French cassoulet has become a regular in our home and on this blog, I bring it back from time to time with variations depending on the mood, from vegetarian to rich and meaty. This time it became the star of the holiday season together with a bottle of a Pinot Noir from Burgundy, or red Burgundy. The fitting bottle of Vigne de L’Enfant Jésus from Bouchard Père e Fils lifted the otherwise rich bean and meat casserole, and gave me a reason to write another post.
Burgundy is a complicated wine region, and a pursue understanding it one glass at a time. The region is a dichotomy, a place where only two major grapes, chardonnay for white Burgundy and pinot noir for red Burgundy, make for layers of complexity in style from village to village through the rather small chunk of land. And yes, even though Beaujolais is considered part of Burgundy it’s a separate entity when it comes down to what is known as red or white burgundy wine.
We first visited Burgundy in the wet spring of 2012. The bright, earthy and complex wines made up for the damp, cold, and grey excursions from winery to winery. At the time, my love for Burgundy wines was in its infancy and my understanding of the long history and importance of the region in the wine world was non-existent. The hot summer days of 2015, during our second visit, allowed us to wander around the region, to hop through famous grand cru vineyards in Chablis to the north, Côte de Nuit, and Côte de Beaune to the south.
My first question about Burgundy was, “What is a grand cru?” Grand cru is the highest designation a piece of land has when it comes to grape growing. It’s the perfect marriage between grape and geographic location, or what the French call terroir. When we traveled through Burgundy, we stopped at vineyards sites and Scott rushed to grab handfuls of soil to investigate and confirm its contents. Each grape has a preferred soil type, and the soils in Burgundy suit perfectly the chardonnay and pinot noir grapes. Pinot noir is indigenous to the area, as the story goes monks found the wild vines in the forest and domesticated it. The king then asked for gamay – the grape of Beaujolais- to be torn up and replaced by pinot noir, making it the ruling red grape of the region.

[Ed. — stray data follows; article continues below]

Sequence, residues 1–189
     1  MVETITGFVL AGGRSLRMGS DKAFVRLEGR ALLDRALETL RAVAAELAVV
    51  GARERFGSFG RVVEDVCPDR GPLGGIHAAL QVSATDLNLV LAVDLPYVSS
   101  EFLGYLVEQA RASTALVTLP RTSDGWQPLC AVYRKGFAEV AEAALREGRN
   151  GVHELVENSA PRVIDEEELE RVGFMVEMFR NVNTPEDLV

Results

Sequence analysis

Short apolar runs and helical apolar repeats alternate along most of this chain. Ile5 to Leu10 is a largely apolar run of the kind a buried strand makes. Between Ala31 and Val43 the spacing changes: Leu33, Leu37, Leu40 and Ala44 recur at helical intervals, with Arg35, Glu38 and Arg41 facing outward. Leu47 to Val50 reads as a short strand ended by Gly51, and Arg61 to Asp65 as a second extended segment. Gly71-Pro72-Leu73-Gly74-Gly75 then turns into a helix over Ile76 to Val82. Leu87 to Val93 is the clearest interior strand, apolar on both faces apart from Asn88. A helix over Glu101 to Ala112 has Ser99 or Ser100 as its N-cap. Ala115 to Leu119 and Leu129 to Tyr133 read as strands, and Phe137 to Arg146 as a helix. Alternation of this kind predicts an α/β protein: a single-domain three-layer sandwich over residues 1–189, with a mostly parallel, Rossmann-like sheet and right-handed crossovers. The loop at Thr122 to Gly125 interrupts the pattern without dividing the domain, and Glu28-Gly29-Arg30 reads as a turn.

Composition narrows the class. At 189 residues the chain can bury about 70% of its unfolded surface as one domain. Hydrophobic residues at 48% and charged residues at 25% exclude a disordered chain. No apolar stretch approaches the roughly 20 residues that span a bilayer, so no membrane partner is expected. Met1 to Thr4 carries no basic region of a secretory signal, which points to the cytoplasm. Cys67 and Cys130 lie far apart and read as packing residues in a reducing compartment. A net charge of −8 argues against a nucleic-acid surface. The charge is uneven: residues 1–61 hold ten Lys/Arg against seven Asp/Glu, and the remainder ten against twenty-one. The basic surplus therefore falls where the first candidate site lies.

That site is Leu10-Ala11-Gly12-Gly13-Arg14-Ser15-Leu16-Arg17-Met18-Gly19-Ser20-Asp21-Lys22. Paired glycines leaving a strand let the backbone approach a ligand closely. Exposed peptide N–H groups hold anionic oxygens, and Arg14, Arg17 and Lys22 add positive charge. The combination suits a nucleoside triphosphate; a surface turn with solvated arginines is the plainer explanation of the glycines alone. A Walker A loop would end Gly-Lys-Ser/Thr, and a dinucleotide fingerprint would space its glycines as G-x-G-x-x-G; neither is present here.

This notion made sense to me after a couple of years of backyard farming and constant reading about how the specifics of the soil affects different plants, together with the amount of sun based on exposure, water, and nutrients required to keep different plants happy. The same applies to grapes, after all it’s an agricultural crop before it becomes wine. Centuries ago the monks figured this out and began enclosing plots of land where their grapes did best and produced the best wines, developing the beginnings of a classification system based on quality, and price, from grand cru, premier cru, village level, to regional Bourgogne rouge or blanc.
Studying this region is a life-long endeavor and I take it one wine at the time. For this pairing we had a wine from a well-known producer and negotiant based in Beaune, Bouchard Père et Fils, founded in 1785. The story of the Vigne de L’Enfant Jesus vineyard dates back to the XVII century when a Carmelite sister predicted the birth of King Louis XIV after Queen Anne of Austria had endured four still-births. The kingdom gave the vineyard to the Carmelite order who tended to it until the French Revolution when Napoleon took all the lands from church holdings and sold it as bien national.
When deciding what to drink with the hearty cassoulet while following Julia Child’s advise between a red Burgundy, a Rhône, or a Beaujolais, we leaned toward red Burgundy because of its bright acidity and earthy flavors to lighten up the dish, which is rich from the meat and creamy from the beans. Pinot noir from Burgundy is tart, unlike some New World pinots, which offer riper fruit flavors. It’s that tartness that keeps me coming back, that makes red Burgundy so delightful.
To celebrate the season Scott chose the wine from the vineyard of baby Jesus, or Vigne de L’Enfant Jesus, for not particular religious believe, but rather to honor history and culture.
Depending on where in the region the wine, red or white, comes it might showcase more subtle or robust flavors, and that’s what makes Burgundy so intriguing, trying to figure each area of the region, each village, each plot of land, and their specific nuances.
Burgundy is an emblematic region in the world of food and wine, from truffles, cheese, meats, to iconic wines, and my admiration has grown after that wet spring when we first met.